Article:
Trees for Everyone, Timber for All

Non woodland trees (NWT) are finally starting to be much more widely noticed; daily news flow regarding trees in the landscape from across the UK highlights the growth of a much more positive perception of trees; and there is increasing attention on tree pests and diseases by general media.

Watching (and playing with) social media, it is very evident that there is much more questioning re forestry and trees from a very wide spectrum of interests and a significant amount of attention from the public. Whether it is the same people who campaigned so hard during the PFE disposal furore is impossible to ascertain but there is a large bubble just below the surface ready to burst in protest but only if seriously provoked. The NPPF was not enough to stir real emotion, but issues with regards the felling of trees in a particular locale by those in that location proves this.

Local newspapers which report on such issues tend to get very high hits, often becoming the most popular story of the day or week, but those newspapers that choose simply to reproduce PR do not get such attention.

People love their trees. Policy makers and the so called ‘stakeholders’ can argue all they want about the use of ‘our’ in terms of elements of the landscape, but the fact is that this is now firmly established and I would question the wisdom of any who attempt to change this perception.

Also the people are clearly engaged with the real issues.

A survey by SOW carried out one week last November proved this when 44.9% of 229 respondents stated that Pests, Diseases and Invasive Species were the most important forestry or tree related issue. The full results for that question were:

Pests, Diseases & Invasive Species 44.9% 101
Public Access 4.9% 11
Woodland Creation 7.1% 16
Plantations for sustainable forest products 4.4% 10
Habitat creation and conservation 14.2% 32
Urban tree planting and maintenance 16.9% 38
Other 7.6% 17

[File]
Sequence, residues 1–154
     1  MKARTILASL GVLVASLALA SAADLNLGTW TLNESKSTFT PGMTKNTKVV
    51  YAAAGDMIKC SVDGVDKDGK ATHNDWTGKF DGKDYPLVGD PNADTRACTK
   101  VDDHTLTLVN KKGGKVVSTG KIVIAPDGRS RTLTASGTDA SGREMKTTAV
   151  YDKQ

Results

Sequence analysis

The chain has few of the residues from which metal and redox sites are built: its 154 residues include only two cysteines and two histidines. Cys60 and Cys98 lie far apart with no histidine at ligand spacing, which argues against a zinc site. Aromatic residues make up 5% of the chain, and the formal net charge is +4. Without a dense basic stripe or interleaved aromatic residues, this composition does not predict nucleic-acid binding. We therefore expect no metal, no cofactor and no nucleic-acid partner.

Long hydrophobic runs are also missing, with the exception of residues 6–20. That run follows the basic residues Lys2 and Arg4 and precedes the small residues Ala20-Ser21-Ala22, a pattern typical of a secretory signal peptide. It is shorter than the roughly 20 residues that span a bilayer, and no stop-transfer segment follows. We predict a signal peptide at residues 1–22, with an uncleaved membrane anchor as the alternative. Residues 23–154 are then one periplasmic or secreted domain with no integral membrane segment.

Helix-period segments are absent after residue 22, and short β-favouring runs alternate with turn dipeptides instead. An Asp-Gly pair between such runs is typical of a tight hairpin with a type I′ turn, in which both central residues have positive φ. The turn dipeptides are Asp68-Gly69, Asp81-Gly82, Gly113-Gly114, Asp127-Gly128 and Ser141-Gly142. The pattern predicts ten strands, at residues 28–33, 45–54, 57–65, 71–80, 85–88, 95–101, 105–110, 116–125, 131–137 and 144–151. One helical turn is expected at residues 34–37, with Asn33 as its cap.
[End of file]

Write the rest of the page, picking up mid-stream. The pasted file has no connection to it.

Many of those involved in PR have had a serious ‘bashing’ with regards any issue they jump into that involves landscapes and the elements therein.   But approaching issues through discussion or open debate remains safe territory.

Ignore the sentiments of the European Landscape Convention and pretend it is not a legal obligation if you wish. Ignore all the heavy weight of academic study from the last 30 years which has discovered, and continues to, that the only way forward is ‘bottom up’ if you wish also. You can even try to pretend to install a ‘bottom up’ approach by the occasional ‘stakeholder workshop’ or another conference ‘open to all’ but it won’t work. People are intrinsically attached to their landscapes, their trees and their forests and they want the real issues dealt with.

We now have all the studies necessary (but not yet exhausted) to prove that the value of trees, their benefits to society and the environment are huge, but what about the economic?

Had ‘money or funding’ been included in the above survey question I do not doubt it would have been one the top answers, as several of the ‘Others’ when asked why, had stated that without the resources in place no other issue was worth contemplating!

That trees increase property values, however true, cuts no ice (particularly in a global economic crisis one of the causes of which was widespread improvident property valuation). Simply focussing on biodiversity values or ecosystem services will not be sufficient either.